Somewhere down the line Labor Day became a milestone date on the calendar. For some, it’s the last hurrah of Summer while for others it’s the first break in the still-very-young school year. For most of us, though, Labor Day is just another day off of work where we cn laze around, BBQ, watch TV and generally do as we please. But what about the people who don’t get a day off? What about the people who will go into work on Monday?
Labor Day is meant to be it’s a celebration of the American labor force and its contributions to this country. I can’t help but realize, however, that many of us who are lucky enough to have the long weekend don’t often think of Labor Day in these terms. Instead, we take it for granted.
We walk into stores, gyms, airports, and sporting events without giving a second thought that there are people who are there to work. We pass them by, politely, and continue on our journey almost never taking the time to properly thank them. I think it’s high time we started doing just that:
IN THE SERVICE INDUSTRY
Humans are pretty impressive in that they will, without fail, find a reason to drink.
Got a promotion at work? Drink.
Got fired? Drink.
Favorite team won the championship? “This round’s on me!”
Favorite team loses in the championship? “Give me a whiskey and leave the bottle.”
There is no shortage of reasons to drink, which is why bars are basically perennially open. What the never-ending welcoming glow of your neighborhood bar means, though, is that there is always someone working. So while you and your friends go out for a drink on this long weekend, the people helping make that celebration happen are working. Give them a little something to know that you appreciate that.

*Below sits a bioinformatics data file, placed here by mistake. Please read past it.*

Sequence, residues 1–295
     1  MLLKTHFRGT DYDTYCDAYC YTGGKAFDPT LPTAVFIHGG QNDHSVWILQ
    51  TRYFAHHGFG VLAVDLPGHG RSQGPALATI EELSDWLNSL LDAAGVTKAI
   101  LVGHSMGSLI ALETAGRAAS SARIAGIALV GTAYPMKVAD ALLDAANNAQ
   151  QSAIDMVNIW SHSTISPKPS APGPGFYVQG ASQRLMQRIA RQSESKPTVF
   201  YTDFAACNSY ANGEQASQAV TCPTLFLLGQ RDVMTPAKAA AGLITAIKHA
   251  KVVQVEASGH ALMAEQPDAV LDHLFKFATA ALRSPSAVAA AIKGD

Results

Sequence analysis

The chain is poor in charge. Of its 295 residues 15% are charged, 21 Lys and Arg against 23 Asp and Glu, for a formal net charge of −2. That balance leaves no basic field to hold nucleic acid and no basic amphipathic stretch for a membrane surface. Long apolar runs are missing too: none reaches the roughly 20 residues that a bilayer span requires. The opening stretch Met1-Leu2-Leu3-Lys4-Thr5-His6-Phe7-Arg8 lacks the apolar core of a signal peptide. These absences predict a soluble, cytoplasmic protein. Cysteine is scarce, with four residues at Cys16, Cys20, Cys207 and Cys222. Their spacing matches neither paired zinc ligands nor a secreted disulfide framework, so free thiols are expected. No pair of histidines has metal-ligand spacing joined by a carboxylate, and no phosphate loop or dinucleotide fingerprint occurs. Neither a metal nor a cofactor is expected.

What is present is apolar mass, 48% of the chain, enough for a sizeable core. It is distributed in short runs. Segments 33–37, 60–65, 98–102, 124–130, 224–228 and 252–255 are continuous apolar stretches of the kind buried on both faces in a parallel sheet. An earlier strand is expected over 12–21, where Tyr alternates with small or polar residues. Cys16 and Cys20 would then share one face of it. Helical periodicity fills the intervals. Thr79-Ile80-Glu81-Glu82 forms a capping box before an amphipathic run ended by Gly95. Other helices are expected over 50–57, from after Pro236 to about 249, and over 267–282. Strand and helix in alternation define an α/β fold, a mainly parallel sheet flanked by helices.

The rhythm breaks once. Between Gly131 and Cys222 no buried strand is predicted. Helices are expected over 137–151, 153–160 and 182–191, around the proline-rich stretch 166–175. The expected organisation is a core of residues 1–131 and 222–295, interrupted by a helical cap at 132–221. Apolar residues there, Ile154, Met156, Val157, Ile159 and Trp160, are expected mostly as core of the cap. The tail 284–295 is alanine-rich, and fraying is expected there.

It’s accepted practice in America to tip your bartender, but maybe this weekend tip them a little extra. Maybe just give them a genuine thank you. Show them that you’re grateful for what they’re doing. It’s not much but it goes a long way.
The same can be said for anyone in the service industry. Long weekends tend to be some of the busiest for the service industry, it’s the least we could do to let them know we appreciate them.
IN THE STORES
BBQ and Labor Day are basically synonymous, but even if you’re not the grilling type, chances are you’re making a trip to a store for some, you know, provisions and things. Like the bars and restaurants of the world, these stores aren’t closing on Labor Day, which means someone is going to be there helping you check out.
We all have some level of superficial interaction with the cashiers at the store, but how many of us take the time to appreciate the job they’re doing? It’s not that we don’t appreciate it, it’s just that we run through the same motions every time we enter a store: we pick something out, hand it to the employee behind the counter, pay, and leave. That’s the extent of the interaction, and that’s ok. What’s not ok is that we’ve started taking Labor Day for granted and because of that we’re missing our chance to thank the people who deserve to be thanked.
The point of this post is not to make anyone feel guilty about not working on Labor Day. That’s silly. I simply want us all to take a moment and appreciate those around us whose job it is to help us enjoy our day off and let them know that it isn’t going unnoticed.
Until next time – thank you so very much.